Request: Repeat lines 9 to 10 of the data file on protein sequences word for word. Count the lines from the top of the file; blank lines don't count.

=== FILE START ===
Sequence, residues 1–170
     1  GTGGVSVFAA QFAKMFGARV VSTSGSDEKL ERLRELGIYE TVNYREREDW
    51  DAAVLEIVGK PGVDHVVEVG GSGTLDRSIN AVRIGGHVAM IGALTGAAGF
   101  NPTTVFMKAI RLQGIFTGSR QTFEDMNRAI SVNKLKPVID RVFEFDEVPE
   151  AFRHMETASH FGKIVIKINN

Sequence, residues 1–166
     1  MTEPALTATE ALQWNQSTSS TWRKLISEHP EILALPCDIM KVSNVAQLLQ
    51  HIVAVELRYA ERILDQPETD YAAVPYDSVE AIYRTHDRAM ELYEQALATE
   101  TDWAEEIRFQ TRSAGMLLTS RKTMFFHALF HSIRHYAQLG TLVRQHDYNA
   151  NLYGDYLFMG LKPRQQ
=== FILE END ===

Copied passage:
   101  TDWAEEIRFQ TRSAGMLLTS RKTMFFHALF HSIRHYAQLG TLVRQHDYNA
   151  NLYGDYLFMG LKPRQQ